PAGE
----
China: Government targets house churches, online ministries

Authorities closed one of Beijing’s largest house churches, Zion, after it refused to install surveillance cameras with facial recognition. Meanwhile, more than 250 Chinese church leaders signed an open letter protesting the erosion of their religious freedoms in real life and online. The latest: a proposed ban on the online sharing of prayer, Bible reading, baptism, communion, and other religious activities. If the draft rules are finalized as expected, religious websites will have six months to comply.

Evangelicals argue against refugee reduction

A maximum of 30,000 refugees will be allowed to resettle in the United States next fiscal year. The new ceiling imposed by the Trump administration marks a dramatic decrease from the current 45,000-person cap. The Evangelical Immigration Table—including the presidents of the National Association of Evangelicals, World Relief, and the Ethics and Religious Liberty Commission of the Southern Baptist Convention—challenged the reduction, stating: “Cuts to our refugee admission program affect all persecuted religious minorities, but these cuts significantly impact our persecuted brothers and sisters in Christ.” The number of persecuted Christians who made it into America fell this year by more than 30 percent.

Reparative therapy ban unexpectedly dropped

This spring, California assemblyman Evan Low introduced legislation that would have designated paid “conversion therapy” services as a fraudulent business practice. Low’s measure seemed set to pass after it moved through both of the Golden State’s legislative chambers. But at the last minute, Low quashed his own bill after meeting with Christian leaders who expressed concerns about how it might affect their ability to minister to the LGBT community. One was Kevin Mannoia, a former president of the National Association of Evangelicals, who wrote an op-ed opposing the bill—and reparative therapy. Low dropped it the next day. The two sides will work together on a better bill.

Indonesia: Christians get second chance at US asylum

Nearly four dozen Indonesian Christians set to be deported after living in the United States for two decades will now have their asylum cases reopened. They represent only a tiny fraction of the roughly 2,000 ethnic Chinese minority who fled violence two decades ago, most on tourist visas long overstayed. The community had been legally protected since 2010 by a now-defunct humanitarian program. Last year, however, while attending regular check-ins with Immigration and Customs Enforcement, the Indonesians learned of their impending deportation. Indonesia ranks No. 38 on Open Doors’ World Watch List of the worst persecutors of Christians.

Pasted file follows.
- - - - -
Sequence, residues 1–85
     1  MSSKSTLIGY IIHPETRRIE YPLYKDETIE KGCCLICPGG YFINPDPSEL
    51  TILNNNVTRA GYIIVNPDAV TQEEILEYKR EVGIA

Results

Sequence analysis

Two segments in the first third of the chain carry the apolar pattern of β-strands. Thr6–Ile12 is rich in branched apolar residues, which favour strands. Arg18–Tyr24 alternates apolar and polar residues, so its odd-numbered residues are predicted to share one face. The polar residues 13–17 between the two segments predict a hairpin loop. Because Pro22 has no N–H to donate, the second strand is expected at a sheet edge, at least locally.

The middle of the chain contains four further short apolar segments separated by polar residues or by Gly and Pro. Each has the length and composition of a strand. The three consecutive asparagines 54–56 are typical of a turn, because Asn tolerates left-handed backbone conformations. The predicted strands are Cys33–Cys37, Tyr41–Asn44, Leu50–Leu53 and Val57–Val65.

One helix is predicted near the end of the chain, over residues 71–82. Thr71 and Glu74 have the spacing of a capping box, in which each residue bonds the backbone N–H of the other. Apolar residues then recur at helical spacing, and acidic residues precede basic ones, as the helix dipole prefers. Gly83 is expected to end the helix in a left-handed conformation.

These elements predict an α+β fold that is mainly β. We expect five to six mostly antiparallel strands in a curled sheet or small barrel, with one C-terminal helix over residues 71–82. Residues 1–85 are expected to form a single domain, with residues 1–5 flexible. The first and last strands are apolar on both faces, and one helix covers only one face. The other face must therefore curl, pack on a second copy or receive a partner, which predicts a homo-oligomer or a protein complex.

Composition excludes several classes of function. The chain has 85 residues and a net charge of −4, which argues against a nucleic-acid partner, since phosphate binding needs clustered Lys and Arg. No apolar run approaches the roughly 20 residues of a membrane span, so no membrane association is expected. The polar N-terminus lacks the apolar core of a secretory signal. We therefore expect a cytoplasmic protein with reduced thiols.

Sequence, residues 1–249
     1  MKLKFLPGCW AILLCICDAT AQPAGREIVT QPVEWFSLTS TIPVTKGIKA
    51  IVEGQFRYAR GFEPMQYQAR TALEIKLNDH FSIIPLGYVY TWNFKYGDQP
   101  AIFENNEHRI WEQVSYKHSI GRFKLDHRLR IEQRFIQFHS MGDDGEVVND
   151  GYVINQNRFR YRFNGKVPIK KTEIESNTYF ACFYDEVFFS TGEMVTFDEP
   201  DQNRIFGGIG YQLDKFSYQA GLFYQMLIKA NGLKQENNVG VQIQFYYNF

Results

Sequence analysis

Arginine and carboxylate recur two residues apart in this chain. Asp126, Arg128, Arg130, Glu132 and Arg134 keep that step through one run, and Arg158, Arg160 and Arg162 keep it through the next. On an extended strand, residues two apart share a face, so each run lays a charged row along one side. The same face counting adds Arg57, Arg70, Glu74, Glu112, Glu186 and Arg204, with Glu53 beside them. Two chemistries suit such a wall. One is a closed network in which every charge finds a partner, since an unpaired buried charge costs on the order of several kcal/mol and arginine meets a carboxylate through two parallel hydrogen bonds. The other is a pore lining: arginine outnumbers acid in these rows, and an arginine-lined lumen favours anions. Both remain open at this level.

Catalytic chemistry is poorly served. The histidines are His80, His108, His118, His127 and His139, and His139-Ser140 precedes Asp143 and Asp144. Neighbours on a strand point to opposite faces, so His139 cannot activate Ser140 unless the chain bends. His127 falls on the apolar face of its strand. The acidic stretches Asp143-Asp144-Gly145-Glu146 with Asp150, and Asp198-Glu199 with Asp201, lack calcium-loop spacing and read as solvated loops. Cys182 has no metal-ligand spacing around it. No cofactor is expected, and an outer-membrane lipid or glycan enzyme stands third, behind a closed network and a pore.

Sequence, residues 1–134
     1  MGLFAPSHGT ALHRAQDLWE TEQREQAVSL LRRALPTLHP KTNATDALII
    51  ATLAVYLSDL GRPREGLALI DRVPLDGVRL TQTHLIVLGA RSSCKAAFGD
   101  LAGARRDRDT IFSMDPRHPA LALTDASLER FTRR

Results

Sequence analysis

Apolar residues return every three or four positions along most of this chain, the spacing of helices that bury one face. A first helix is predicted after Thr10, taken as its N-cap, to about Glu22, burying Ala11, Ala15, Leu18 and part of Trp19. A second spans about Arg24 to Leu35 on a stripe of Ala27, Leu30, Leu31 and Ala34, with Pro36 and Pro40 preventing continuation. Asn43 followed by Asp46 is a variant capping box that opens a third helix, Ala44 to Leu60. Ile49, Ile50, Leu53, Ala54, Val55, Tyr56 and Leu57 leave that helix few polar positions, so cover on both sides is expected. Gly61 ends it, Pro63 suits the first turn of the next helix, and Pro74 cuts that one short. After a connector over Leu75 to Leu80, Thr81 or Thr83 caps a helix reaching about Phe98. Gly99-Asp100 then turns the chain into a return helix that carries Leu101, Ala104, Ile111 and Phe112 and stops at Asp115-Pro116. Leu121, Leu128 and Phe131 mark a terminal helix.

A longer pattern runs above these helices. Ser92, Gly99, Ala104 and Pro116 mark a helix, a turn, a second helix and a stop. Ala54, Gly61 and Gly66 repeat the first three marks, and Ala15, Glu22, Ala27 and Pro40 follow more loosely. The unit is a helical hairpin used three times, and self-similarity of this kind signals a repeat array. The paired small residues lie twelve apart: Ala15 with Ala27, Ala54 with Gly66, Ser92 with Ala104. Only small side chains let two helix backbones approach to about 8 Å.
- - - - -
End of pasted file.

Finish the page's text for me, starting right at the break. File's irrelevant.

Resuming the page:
MacArthur college put on probation

The Master’s University and Seminary in southern California, founded by pastor John MacArthur, has been placed on probation. Its West Coast accreditor has four concerns: board independence; a “climate of fear, intimidation, and bullying;” conflict of interest between MacArthur’s son-in-law, his jurisdiction over financial aid, and friends and relatives; and ignorance among the administration of laws related to campus safety. MacArthur addressed the report indirectly at chapel and suggested the Santa Clarita school is being targeted for its faith. “Scripture says all who are godly in this present age will suffer persecution, and that kind of goes along with it,” he said, according to the local radio station. He concluded: “We’re just seeing this as a way that the Lord is helping us do what we do better than in the past.”

Confederate memorial hosts multiracial worship

Thousands of Christians recently convened to pray, worship, and take communion at an unusual destination—Stone Mountain, a massive monument outside Atlanta honoring three Confederate heroes. The OneRace Movement gathered 560 Atlanta-area pastors from all racial backgrounds in pursuit of reconciliation and revival. Leaders hope to spark attendees to action; among their four objectives are “to inspire 100,000 cross-cultural relationships and 1,000,000 acts of kindness.” The event “wasn’t about the carving, but rather the unaddressed history,” said Billy Humphrey, co-director of OneRace. “Where church leaders led people into the sin of racism, church leaders have now repented of that sin and set a new narrative in place.”

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